GENI Regional Workshop and Summer Camp at Boston University

Profs. Abraham Matta of Boston University (BU) and Violet Syrotiuk of Arizona State University (ASU) organized a GENI Regional Workshop and a GENI Summer Camp at BU.



Prof. Tilman Wolf described his GENI implementation of an economy plane for the Internet.

The Regional Workshop, held on Monday May 23, attracted over 40 participants, most of whom were from universities in the Boston area.  The morning of the workshop included an Introduction to GENI by Mark Berman, GENI Project Director; a talk by Russ Clark of Georgia Tech on his research on GENI including Software Defined Exchanges (SDXs); and a talk by Tilman Wolf on ChoiceNet, an economy plane for the Internet.

The afternoon consisted of two tracks of tutorials.  Violet Syrotiuk led the My First GENI Experiment tutorial, Kobus Van der Merwe and Kirk Webb delivered tutorials on CloudLab and PhantomNet, and Geddings Barrineau led an OpenFlow tutorial.  The tutorials were selected based on preferences expressed by workshop participants during registration.

Kobus Van der Merwe and Kirk Webb lead a tutorial on CloudLab.

14 participants stayed the rest of the week for the summer camp. Additional tutorials were led by Steve Jarvis, Manu Gosain, Charles Carpenter, and Abraham Matta.  Summer camp participants learned to run advanced software defined and network function virtualization experiments, wireless experiments and to use tools such as GENI Desktop to instrument their experiments.   Participants formed four teams based on their research interest.  Each team defined and worked on a project during the week and did a demo and presentation on the last day of the camp.  The four projects were:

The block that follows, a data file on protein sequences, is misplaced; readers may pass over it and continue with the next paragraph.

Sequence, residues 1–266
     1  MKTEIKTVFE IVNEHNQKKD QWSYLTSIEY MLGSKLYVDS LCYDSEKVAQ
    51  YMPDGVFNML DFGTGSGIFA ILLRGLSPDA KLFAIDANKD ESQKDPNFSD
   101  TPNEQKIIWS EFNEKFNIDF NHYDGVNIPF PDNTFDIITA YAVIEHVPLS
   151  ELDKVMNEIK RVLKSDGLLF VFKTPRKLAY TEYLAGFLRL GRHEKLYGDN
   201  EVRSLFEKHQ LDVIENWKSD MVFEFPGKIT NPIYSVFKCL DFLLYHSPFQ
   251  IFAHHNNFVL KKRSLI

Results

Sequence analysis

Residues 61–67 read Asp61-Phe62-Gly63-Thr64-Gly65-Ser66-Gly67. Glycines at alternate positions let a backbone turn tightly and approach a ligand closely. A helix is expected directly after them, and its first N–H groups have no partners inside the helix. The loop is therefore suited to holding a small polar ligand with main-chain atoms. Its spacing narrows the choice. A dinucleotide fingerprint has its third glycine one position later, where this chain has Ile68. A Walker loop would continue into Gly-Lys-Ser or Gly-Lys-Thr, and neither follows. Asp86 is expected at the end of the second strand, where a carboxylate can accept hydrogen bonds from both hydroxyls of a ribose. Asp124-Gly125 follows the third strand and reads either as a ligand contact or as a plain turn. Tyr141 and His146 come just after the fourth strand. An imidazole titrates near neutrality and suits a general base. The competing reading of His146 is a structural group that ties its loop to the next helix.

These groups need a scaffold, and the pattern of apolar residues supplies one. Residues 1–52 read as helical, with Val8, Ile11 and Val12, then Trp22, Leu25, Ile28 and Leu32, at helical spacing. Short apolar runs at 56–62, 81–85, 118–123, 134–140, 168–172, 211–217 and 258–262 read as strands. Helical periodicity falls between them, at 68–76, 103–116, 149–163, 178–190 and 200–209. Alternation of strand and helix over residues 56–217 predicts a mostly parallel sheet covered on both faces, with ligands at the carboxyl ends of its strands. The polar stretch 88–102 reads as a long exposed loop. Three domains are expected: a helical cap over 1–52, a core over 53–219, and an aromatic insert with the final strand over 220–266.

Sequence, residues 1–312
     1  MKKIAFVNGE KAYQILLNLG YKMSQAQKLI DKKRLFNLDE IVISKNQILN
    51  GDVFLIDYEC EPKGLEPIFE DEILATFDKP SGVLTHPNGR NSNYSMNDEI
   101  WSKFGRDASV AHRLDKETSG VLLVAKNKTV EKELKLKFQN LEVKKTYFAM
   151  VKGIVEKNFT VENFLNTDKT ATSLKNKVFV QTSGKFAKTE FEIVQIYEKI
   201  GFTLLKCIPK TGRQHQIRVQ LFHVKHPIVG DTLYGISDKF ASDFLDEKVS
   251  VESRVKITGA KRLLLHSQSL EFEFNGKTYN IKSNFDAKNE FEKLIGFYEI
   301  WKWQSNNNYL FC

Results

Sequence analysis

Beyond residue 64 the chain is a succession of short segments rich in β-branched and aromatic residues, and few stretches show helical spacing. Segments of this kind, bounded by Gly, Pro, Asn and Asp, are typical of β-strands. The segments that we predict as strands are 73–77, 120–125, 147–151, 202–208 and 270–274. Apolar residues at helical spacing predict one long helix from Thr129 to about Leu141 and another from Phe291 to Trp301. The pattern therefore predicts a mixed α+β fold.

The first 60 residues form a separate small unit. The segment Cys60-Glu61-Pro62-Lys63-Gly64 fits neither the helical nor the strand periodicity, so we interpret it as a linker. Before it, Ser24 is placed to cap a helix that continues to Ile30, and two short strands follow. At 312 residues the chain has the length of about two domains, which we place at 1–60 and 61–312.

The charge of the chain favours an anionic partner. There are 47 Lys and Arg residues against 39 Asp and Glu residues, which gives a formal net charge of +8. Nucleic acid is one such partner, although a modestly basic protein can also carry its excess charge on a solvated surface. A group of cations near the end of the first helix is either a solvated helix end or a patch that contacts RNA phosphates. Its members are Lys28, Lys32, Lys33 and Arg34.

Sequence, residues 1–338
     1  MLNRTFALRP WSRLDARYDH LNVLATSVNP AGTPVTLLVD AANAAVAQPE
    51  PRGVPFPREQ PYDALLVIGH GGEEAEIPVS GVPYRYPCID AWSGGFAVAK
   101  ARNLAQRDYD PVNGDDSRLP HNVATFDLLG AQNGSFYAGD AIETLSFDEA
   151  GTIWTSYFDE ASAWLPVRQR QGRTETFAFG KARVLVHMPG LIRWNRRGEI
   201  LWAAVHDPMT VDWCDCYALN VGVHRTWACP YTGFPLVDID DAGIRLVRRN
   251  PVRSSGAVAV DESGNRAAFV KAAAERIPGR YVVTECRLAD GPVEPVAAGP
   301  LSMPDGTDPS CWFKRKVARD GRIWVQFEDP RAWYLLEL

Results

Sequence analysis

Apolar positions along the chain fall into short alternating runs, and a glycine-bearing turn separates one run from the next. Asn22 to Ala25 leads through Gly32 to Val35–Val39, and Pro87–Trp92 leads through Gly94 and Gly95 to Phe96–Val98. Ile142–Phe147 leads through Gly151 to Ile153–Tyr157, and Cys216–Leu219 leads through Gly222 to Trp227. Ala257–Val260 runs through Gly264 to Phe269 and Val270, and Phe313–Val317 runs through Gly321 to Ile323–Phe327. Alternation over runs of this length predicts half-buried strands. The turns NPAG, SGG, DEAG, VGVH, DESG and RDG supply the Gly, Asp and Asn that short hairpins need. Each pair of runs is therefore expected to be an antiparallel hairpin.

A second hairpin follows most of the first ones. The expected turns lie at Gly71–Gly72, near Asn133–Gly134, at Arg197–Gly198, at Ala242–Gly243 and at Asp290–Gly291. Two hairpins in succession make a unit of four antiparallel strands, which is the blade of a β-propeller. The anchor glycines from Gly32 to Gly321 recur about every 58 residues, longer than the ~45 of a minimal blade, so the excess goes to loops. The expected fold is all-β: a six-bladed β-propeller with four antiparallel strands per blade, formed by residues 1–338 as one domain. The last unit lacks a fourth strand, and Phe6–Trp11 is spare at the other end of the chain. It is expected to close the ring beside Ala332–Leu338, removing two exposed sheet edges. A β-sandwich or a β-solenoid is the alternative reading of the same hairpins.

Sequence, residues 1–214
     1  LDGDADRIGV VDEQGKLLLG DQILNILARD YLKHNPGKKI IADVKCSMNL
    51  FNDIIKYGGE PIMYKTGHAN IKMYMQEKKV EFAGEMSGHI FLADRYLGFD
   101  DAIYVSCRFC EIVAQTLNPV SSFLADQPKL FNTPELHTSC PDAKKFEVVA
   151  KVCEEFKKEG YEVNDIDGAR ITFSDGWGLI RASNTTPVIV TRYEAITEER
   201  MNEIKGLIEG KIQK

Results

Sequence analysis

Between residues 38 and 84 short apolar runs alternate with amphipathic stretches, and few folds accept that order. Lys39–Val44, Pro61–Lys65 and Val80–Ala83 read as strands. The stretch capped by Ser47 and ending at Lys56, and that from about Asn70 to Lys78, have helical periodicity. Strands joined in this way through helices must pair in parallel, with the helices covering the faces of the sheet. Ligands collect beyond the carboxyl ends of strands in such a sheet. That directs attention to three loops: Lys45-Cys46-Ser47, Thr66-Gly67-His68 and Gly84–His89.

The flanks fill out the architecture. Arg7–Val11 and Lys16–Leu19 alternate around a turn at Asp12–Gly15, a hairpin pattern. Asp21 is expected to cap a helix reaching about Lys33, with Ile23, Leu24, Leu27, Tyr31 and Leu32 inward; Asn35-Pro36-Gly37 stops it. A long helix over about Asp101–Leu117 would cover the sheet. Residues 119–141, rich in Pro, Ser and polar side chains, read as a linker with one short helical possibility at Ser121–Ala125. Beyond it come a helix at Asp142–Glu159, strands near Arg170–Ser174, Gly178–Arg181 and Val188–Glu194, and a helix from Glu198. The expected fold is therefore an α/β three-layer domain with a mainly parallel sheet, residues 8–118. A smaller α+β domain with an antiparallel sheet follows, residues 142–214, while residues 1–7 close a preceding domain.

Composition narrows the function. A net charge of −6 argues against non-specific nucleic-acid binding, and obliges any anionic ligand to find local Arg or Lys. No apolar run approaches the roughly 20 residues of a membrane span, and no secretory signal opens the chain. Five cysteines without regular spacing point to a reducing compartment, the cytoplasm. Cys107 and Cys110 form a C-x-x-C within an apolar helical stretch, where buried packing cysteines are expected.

1. A Software Defined Networking (SDN) based firewall.  Only known switches were allowed to connect to their OpenFlow controller and only traffic from whitelisted networks were allowed into the internal network.
  2. Covert channels in GENI.  Information was coded as delays between packets using a scheme similar to Morse code; each letter of the English alphabet was coded as a sequence of long and short delays between packets.  Decoding error rates were compared over low-latency GENI rack-local links and over high-latency links between GENI resources on the east and west coasts of the US.
  3. Software defined radio.  The team programmed a software defined radio at New York University to receive and decode transponder transmissions from aircraft flying over Brooklyn, NY.
  4. Using SDN to reduce the complexity of iBGP peering.  Their OpenFlow controller acts as an iBGP peer and installs flow rules on internal routers.  This eliminates the need for all iBGP routers to form a full mesh.

Camp participants work on their team projects

The feedback from camp participants was overwhelmingly positive.  All respondents to an online survey said the camp was well organized and met their expectations.  Coming into the camp, 80% said they have very little to no knowledge of GENI but by the end of the week 80% rated their knowledge of GENI to be high.  All respondents said they plan on using GENI for their research or teaching.  Many attendees said they would have liked more time to work on their projects.

Many thanks to Abraham Matta and the staff of the Hariri Institute at Boston University for hosting the workshop and summer camp.  Regional workshops deliver a focused introduction to GENI, using lectures and hands-on tutorials, that new users find most helpful to begin using GENI effectively in their work.  Week-long camps introduce participants to the wide range of experiments possible on GENI.  The projects at the camp help develop sufficient GENI knowledge and skills for the participants to start using it immediately for their research.

The next GENI Regional Workshop will be held in the Fall of 2016; subscribe to the geni-announcegeni-users or geni-educators mailing lists for announcements.  If you are interested in hosting a workshop or camp, please email